Optional: 2 tbs. bacon bits 

Season meat with McCormick’s and salt. Let rest for 10 minutes, then sear on medium-high heat for two minutes per side (or longer for well done). Remove from heat, and slice just before dressing the salad (see below).

While steak is cooking, wash spinach leaves and gently pat dry.  Place in a large bowl. Cut avocado, remove seed and cut into slices. Heat one tablespoon olive oil over medium-low heat. Add sesame seeds and cook until golden. Remove from heat and allow to cool slightly. Add lemon juice, remaining oil and mustard to mixture.

Add sliced steak to salad. Pour dressing over salad and gently toss. Serve warm.

Total time? 17 minutes prep (includes 10 minutes rest for meat).
Cost? $2 London broil, $1.50 avocado, $2 baby spinach, $3.29 sesame seeds.
Overall success relative to expectations? 9 out 10. I’m not a big salad person — or a steak person, for that matter — but I loved this. The juicy bits of steak, creamy avocado and tangy mustard vinaigrette worked really well together. I threw in some bacon bits for a crunch, but they’re not necessary. You can also substitute steak for chicken, or nix the meat altogether. This recipes makes enough for two, but if you’re planning for leftovers, reserve some steak and vinaigrette for the next day and warm them both separately before adding to the salad. Also, throw a little lemon juice on the avocado to keep its color.

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cupcakes fit for the champs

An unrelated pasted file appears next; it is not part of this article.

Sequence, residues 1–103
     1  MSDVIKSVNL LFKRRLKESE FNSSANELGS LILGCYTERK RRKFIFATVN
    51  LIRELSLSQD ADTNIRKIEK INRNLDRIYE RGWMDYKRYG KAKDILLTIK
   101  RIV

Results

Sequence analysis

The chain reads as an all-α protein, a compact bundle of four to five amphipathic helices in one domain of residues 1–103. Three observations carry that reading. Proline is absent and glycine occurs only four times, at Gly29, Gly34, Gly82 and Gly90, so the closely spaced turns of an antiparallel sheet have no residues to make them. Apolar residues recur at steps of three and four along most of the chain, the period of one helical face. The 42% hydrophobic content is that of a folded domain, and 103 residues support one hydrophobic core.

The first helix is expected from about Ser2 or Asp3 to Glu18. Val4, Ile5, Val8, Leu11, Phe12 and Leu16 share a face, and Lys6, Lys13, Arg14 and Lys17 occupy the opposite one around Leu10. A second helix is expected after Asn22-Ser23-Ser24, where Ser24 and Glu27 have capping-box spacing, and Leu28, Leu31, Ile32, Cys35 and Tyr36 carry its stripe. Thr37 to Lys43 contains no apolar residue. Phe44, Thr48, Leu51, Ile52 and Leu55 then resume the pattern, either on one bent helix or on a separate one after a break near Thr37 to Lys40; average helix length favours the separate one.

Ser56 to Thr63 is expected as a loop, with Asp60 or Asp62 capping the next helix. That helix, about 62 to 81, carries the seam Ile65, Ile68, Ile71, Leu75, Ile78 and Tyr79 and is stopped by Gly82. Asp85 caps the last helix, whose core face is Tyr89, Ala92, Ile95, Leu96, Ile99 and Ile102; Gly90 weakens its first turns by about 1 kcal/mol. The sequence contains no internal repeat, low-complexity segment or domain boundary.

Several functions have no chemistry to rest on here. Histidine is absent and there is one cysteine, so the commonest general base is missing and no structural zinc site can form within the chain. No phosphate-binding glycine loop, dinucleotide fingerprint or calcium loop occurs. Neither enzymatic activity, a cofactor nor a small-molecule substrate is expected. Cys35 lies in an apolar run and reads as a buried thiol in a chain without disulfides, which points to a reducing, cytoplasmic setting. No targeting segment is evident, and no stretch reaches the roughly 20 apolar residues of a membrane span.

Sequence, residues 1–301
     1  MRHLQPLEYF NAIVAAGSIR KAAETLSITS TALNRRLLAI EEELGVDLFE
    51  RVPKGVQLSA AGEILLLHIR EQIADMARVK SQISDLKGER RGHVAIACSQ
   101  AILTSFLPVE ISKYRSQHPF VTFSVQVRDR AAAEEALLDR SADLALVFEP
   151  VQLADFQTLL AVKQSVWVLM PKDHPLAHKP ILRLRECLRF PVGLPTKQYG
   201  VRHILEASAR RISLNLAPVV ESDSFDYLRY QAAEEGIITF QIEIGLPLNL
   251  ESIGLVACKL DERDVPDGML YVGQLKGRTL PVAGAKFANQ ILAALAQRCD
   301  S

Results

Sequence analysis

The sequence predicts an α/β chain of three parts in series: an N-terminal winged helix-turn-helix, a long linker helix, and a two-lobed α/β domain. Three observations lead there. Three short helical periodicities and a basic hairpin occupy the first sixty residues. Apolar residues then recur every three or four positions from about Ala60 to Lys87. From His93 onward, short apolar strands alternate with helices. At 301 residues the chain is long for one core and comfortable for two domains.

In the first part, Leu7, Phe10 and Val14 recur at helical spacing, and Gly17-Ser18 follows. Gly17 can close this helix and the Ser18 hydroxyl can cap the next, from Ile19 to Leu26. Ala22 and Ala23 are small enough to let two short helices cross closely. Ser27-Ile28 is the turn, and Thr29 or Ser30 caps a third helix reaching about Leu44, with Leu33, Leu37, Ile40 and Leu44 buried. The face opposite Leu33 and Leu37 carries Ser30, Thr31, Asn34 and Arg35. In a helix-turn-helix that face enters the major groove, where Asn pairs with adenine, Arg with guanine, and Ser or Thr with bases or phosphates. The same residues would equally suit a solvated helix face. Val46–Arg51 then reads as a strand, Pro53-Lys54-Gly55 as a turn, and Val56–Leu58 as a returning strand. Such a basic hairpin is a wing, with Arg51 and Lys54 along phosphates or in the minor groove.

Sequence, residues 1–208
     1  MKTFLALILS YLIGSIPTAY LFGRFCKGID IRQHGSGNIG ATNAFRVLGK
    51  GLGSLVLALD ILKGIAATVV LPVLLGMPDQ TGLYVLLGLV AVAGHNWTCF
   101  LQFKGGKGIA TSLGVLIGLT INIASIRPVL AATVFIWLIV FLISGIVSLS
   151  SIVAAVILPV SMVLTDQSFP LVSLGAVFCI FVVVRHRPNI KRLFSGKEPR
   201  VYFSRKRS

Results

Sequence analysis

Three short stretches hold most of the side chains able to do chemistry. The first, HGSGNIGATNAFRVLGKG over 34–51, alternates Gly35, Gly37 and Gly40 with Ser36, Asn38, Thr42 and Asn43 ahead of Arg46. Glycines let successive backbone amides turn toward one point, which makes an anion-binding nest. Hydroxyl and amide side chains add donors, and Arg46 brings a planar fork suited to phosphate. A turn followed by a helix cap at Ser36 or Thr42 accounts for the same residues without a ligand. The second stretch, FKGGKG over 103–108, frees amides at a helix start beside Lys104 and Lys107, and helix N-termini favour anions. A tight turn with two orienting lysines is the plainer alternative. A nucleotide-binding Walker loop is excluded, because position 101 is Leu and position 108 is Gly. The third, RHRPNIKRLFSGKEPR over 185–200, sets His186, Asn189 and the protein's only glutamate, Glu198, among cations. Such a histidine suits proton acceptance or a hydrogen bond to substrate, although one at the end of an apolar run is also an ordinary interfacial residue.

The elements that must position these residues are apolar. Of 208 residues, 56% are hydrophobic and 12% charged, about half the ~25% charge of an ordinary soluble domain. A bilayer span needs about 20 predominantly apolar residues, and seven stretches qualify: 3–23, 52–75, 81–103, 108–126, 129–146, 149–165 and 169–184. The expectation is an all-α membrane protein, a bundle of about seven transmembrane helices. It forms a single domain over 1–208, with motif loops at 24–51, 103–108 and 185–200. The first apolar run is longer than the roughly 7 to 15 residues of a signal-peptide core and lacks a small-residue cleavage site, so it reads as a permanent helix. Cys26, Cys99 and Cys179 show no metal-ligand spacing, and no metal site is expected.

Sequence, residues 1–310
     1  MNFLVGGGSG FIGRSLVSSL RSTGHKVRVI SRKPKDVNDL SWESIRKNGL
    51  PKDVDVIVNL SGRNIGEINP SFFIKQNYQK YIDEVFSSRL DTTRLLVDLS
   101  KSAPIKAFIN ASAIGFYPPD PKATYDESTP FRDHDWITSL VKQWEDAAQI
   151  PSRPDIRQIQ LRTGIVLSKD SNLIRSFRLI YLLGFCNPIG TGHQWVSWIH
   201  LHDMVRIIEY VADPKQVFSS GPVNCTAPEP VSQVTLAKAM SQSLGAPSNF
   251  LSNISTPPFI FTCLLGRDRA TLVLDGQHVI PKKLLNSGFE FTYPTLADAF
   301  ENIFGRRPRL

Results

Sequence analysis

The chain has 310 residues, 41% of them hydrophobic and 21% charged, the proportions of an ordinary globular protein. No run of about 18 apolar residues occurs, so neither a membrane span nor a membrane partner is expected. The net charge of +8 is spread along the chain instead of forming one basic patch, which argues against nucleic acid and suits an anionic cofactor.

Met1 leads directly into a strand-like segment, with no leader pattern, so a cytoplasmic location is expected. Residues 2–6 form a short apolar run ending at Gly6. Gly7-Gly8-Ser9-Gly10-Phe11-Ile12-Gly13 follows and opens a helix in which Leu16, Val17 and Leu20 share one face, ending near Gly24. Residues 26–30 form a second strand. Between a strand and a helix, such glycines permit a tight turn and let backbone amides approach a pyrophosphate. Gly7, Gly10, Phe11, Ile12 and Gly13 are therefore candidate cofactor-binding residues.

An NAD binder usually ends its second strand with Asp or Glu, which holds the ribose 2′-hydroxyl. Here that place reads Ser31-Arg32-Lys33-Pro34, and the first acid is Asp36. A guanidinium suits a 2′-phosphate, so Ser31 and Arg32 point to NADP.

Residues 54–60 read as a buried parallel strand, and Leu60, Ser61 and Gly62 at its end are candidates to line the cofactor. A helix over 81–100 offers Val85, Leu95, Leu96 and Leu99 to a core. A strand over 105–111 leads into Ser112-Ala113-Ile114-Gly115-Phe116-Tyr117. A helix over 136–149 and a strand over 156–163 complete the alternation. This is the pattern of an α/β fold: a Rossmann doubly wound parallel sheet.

Posted by culinaryneophyte on February 8, 2012


The Super Bowl is the Thanksgiving of the sports world: At the heart is a celebration of an American tradition, but most people are just there for the food.


As I mentioned in my last post, I was a little overzealous in the kitchen this weekend because I was not only cooking for a big group of people, but also super pumped for the game itself: a rematch of the greatest Super Bowl played since I’ve been alive, and maybe of all time. I get chills whenever I think about Super Bowl XLII — the Giants’ final drive, Eli’s Houdini-like escape, David Tyree’s epic helmet-catch, ruining the Patriots’ 19-0 dreams. Pure magic.

I was nervous for this year’s game all weekend, and the best way to take my mind off of it was to bake. I already showed you the Giants sugar cookies I made earlier in the week, and when I saw strawberries on sale, I decided to make festive chocolate-covered strawberry footballs. The stars of the show, though, were these chocolate chip cookie-bottom vanilla cupcakes, which I first saw on how sweet eat is. I wanted to take it a step further and add some Giants colors in there to support Big Blue. (That’s probably why they won.)

Note: The lighting in my house is awful, and my snarky friend Scott pointed out on Facebook that they look more like Broncos cupcakes than Giants. He said, “You should probably fix that before you put it on Pinterest” (mocking his girlfriend’s new obsession that I may or may not have introduced her to). The good news is that the New York Giants seemed to think the colors were suitable, because I received a notification on Twitter saying they had chosen my photo to publish on their website! In any event, they were clearly blue and red in person, so… yeah.

slightly adapted from how sweet eat is
1/2 c. butter, room temperature
3/4 c. brown sugar
1 egg
1 tsp. vanilla extract
1-1/3 c. flour
1 tsp. baking soda
1/4 tsp. salt
3/4 c. chocolate chips

Combine flour, baking soda and salt in bowl. In stand mixer, beat butter and sugar until fluffy. Add egg and vanilla, and beat